Tuesday, January 14, 2003

James Adams

p. R2.

Tell us, who are you?

We know him as a rock star, an intellectual; a devoted father, a philanderer. Now, the world reels at the arrest of Pete Townshend on child porn charges

Tough boys / Come over here / I wanna bite and kiss you / I wanna see what I can find.
— Rough Boys by Pete Townshend (1980)

That Pete Townshend's purchase of on-line child pornography has made headlines this week is understandable. That anyone should be surprised is, well, surprising.

This isn't to say that Peter Dennis Blandford Townshend is, in fact, a pedophile, a rabid kiddie-porn consumer, whatever, despite his arrest yesterday as part of Britain's so-called Operation Ore. It's just that, in the 35-plus years that Townshend has been a staple of pop music and pop culture, he's been nothing less than capacious, capricious and paradoxical.

He's been a two-fisted, guitar-wielding thug and book-writing intellectual. Sensitive artist and rude rough boy. Devoted husband and father and philanderer. Spiritual seeker and heroin addict. In his 57 years, Pete Townshend has always contained multitudes.

Unsurprisingly, he had a troubled youth. His parents were musicians, the father a saxophonist, his mother a singer, both of whom served in the entertainment corps of England's Royal Air Force during the Second World War. Each liked to drink and had volatile tempers. As one of Townshend's younger brothers, Paul, told an interviewer in 1983, "If you're brought up in an environment where everything's getting smashed and there's arguments all the time, it rubs off on you."

Given this universe, young Pete Townshend spent much of his early childhood living with his maternal grandparents. However, there wasn't much relief here because, as Townshend later remarked, "my grandmother was completely fucking insane." Indeed, it's his belief that he was sexually abused by this grandmother that apparently spurred his purchase of on-line porn from a now-closed Web site in Texas. Townshend, who began writing his autobiography last year, says he "cannot remember clearly what happened" with his grandmother some 50 years ago. He visited the Web site both "purely to see what was there" and as an aide mémoire.

Whatever the truth, Townshend's outing as a purchaser of kiddie porn is, of course, sending thousands, perhaps millions to his songs for the Who and for his solo career as well as his interviews, his short fiction and his biography, in search of telltale "clues." Understandably, many news stories went directly to his most famous creation, the 1969 rock opera Tommy, about a traumatized "deaf, dumb and blind kid" who plays a mean bit of pinball and becomes a sort of spiritual avatar to troubled youth. Somewhere in the opera Tommy gets molested by his Uncle Ernie, an event recounted in the song Fiddle About.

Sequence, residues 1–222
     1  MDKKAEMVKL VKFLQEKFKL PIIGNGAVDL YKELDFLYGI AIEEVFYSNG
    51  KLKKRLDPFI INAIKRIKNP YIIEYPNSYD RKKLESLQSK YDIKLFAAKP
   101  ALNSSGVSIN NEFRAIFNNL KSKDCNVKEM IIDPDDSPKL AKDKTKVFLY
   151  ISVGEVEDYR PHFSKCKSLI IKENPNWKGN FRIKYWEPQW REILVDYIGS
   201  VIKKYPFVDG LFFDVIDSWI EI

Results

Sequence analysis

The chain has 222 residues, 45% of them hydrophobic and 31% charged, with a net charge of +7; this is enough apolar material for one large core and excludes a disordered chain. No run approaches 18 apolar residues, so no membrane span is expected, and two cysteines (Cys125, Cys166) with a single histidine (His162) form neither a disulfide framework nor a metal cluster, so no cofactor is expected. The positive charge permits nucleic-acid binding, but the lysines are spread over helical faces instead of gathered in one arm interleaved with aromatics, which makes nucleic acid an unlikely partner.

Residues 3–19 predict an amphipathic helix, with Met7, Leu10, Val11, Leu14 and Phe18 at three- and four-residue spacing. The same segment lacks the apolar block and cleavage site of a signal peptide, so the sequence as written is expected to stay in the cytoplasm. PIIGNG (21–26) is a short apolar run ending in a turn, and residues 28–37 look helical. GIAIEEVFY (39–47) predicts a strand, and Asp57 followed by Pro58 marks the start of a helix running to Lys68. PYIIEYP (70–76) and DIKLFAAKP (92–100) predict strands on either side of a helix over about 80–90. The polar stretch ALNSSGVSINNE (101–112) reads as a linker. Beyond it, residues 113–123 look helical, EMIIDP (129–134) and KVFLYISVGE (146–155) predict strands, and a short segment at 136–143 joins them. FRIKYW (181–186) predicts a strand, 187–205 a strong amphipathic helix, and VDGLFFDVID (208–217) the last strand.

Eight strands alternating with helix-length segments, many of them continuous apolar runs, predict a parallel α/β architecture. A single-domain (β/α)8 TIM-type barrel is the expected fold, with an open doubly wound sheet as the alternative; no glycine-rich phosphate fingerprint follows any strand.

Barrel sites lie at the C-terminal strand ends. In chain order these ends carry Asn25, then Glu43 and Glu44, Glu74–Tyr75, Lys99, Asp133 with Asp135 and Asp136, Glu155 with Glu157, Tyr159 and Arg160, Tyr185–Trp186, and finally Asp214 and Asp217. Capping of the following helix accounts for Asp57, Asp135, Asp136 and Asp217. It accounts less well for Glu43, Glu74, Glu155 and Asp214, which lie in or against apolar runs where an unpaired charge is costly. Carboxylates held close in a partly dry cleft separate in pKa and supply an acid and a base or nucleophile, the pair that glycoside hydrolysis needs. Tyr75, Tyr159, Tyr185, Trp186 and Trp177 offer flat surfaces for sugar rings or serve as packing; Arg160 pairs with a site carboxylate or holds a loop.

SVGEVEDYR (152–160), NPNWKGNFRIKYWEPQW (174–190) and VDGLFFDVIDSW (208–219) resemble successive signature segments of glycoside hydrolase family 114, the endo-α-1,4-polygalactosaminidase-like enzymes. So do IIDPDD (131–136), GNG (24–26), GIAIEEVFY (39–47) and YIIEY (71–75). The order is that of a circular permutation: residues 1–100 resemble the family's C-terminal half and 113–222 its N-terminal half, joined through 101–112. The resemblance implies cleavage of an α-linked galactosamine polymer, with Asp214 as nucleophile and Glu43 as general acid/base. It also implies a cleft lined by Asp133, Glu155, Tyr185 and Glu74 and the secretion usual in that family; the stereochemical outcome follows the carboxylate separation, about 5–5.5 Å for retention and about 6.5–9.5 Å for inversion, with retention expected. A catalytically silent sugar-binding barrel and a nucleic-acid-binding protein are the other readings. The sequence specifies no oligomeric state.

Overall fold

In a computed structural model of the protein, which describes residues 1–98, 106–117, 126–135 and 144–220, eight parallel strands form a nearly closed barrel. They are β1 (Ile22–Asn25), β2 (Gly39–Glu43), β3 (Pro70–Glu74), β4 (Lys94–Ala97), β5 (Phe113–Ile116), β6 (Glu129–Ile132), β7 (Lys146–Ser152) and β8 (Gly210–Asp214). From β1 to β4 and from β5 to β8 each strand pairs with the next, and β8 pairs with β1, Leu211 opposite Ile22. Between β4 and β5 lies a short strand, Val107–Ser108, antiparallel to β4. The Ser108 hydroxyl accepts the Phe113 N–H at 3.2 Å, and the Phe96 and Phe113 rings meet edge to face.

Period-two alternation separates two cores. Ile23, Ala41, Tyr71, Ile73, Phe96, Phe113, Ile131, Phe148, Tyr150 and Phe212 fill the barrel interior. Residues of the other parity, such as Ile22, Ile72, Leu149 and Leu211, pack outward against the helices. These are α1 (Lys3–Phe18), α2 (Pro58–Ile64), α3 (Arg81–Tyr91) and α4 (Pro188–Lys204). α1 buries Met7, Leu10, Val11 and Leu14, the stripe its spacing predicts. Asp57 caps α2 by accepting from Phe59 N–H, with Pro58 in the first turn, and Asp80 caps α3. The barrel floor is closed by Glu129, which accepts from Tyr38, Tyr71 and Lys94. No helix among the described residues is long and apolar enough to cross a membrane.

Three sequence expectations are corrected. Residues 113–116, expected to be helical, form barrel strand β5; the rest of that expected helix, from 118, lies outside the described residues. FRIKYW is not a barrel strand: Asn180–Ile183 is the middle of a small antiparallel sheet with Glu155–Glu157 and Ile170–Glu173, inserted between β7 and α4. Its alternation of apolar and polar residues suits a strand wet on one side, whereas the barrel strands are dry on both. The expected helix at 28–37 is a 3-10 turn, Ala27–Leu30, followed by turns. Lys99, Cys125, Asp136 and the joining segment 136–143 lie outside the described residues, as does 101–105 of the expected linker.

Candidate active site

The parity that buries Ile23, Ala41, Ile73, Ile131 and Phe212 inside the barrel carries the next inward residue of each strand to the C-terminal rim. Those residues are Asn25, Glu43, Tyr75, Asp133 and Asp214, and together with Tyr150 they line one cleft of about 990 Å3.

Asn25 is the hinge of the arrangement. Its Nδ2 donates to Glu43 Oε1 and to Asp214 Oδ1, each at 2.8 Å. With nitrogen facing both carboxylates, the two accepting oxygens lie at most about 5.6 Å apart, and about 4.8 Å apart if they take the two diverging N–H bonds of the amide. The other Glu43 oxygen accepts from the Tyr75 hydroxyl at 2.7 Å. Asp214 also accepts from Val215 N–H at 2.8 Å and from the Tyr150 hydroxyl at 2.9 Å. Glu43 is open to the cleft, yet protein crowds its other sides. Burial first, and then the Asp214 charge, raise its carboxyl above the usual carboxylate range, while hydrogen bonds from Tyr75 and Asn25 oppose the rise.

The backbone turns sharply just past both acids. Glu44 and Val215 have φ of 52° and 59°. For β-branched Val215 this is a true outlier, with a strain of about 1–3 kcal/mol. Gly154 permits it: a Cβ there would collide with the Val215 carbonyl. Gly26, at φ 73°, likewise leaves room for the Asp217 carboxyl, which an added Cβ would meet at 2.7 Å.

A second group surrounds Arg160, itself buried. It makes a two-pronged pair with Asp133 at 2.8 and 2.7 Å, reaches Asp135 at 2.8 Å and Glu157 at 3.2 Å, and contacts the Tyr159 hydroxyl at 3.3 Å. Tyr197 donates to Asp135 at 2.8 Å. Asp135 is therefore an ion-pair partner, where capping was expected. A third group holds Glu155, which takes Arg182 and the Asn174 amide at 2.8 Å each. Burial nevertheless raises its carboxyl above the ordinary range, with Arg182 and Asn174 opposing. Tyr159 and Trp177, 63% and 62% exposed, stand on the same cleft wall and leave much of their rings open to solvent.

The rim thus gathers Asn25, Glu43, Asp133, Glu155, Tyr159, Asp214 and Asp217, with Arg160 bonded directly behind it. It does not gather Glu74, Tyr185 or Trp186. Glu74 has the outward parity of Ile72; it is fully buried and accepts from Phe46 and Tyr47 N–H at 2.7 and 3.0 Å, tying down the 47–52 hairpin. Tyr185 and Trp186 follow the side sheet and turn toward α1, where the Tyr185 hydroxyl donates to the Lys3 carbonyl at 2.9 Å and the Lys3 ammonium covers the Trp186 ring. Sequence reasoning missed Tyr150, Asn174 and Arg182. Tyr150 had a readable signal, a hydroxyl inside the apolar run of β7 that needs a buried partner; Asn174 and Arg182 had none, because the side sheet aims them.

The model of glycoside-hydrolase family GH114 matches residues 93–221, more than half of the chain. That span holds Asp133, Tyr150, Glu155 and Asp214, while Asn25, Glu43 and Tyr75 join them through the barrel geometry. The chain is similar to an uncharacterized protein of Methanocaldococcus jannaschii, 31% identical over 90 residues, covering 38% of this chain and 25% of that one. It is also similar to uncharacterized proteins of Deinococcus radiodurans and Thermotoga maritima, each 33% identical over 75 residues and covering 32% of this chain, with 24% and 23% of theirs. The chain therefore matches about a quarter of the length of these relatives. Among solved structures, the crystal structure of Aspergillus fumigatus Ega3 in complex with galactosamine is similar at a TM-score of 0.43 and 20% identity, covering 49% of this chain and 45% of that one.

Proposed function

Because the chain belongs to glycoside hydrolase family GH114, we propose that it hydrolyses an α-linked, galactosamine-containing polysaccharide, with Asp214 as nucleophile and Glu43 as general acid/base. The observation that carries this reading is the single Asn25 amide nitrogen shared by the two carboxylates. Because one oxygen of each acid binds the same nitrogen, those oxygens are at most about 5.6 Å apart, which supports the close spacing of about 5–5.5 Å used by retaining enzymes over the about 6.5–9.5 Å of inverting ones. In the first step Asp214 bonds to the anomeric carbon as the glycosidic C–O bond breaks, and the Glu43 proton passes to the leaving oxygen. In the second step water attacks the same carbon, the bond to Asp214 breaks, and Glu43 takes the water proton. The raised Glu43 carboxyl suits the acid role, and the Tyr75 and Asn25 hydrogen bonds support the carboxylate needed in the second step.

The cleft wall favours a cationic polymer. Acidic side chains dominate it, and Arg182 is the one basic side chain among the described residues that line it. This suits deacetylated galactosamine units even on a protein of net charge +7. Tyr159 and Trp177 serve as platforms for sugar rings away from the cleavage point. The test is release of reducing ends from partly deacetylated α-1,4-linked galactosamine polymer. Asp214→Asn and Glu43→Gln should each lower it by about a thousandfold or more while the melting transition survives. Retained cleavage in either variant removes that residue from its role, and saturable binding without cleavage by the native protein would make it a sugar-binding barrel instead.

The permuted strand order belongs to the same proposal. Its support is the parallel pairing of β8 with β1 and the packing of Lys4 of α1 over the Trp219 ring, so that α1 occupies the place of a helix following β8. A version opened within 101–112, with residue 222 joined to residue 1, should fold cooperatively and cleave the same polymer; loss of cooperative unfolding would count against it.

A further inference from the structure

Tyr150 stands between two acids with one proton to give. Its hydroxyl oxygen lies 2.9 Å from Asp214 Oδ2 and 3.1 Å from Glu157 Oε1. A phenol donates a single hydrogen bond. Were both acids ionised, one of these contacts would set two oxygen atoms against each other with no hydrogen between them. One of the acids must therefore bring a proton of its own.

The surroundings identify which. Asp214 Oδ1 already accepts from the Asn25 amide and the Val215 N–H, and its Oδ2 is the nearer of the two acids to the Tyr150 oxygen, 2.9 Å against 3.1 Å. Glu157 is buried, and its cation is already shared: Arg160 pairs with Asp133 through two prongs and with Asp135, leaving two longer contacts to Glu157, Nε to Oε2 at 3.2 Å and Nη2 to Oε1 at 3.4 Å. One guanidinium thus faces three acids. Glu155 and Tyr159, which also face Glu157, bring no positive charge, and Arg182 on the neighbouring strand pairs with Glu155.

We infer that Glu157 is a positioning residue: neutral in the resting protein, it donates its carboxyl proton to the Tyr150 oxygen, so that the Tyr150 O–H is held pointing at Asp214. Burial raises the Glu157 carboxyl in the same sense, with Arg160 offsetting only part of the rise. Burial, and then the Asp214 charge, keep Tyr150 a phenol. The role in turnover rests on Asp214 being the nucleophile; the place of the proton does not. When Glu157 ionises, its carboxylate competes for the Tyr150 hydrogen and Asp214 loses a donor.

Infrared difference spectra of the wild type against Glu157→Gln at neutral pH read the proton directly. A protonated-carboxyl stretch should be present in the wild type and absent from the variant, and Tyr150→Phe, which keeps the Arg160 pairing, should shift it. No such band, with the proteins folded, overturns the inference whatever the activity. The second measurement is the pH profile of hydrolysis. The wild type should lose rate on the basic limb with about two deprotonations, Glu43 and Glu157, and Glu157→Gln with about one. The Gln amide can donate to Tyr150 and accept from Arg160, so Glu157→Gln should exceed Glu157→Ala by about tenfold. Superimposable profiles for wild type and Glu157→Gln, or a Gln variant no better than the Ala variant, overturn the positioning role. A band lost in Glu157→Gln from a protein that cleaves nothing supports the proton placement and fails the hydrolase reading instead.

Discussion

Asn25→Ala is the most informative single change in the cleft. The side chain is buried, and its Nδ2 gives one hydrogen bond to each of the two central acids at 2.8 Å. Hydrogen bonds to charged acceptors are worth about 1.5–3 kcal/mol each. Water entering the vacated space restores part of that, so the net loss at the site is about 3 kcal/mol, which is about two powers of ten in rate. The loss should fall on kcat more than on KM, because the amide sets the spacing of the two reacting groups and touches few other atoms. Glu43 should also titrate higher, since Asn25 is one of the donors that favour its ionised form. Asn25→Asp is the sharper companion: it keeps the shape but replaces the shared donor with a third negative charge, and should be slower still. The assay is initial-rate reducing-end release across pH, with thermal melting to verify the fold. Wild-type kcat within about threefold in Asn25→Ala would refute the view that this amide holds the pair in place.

What most news stories either only casually mentioned or neglected altogether is the fact that Fiddle About isn't a Townshend composition. Both its words and music are by John Entwistle, the Who's legendary bassist and occasional songwriter who died last year in Las Vegas while touring with Townshend and Who lead singer Roger Daltrey. As Entwistle told rock journalist Dave Marsh in the early eighties, "I can remember Townshend coming to see me and saying that he'd got a couple of main characters: one a kid called Tommy who was gonna go through all these traumatic (he always used that word) experiences with some chick who slips him acid and a homo uncle and a bully.

"He then asked me if I could write songs for the last two, because he felt that he couldn't write nearly as nasty as me. I wrote Fiddle About that same evening. …"

That said, there's no denying Townshend has more than passing familiarity with life's rough side and he's often been embarrassingly open about his experiences there. For instance, in the late seventies, at once chastened and impressed by the rise of punk rock, he left his long-suffering wife, Karen, to explore his bisexuality and his fondness for heroin, cocaine and brandy.

That binge was most famously "immortalized," Who scholars say, in the song Rough Boys, from Townshend's second solo recording, Empty Glass. Ostensibly about his time spent with the Sex Pistols, Rough Boys'lyrics certainly are open to, um, interpretation: "Rough boys / Don't walk away / I'm still pretty blissed here / Tough boy / I'm gonna carry you home / You got pretty pissed, dear / Gonna get inside you / Gonna get inside your bitter mind."

Of course, it's always dangerous to use art as the measure of a person's life. After all, it was Townshend who famously and seemingly seriously declared in 1966 that he hoped "[he'd] die / Before [he] got old." Thirty-seven years later he's still here, a troubled man, perhaps, and still capable of making trouble.

Last summer, in an interview with Rolling Stone, Townshend didn't entirely disavow his often-rowdy past. But he did seem to want to convey that it was the past. "I'm 57. I've got a young girlfriend. I'm not gay. I'm not interested in men. I don't think I ever really have been. I've had a high sex drive all my life, which has actually been difficult sometimes to reconcile with some of my spiritual aspirations, which are just like, you know, a monk."

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Created: January 21, 2003
Last modified: January 21, 2003
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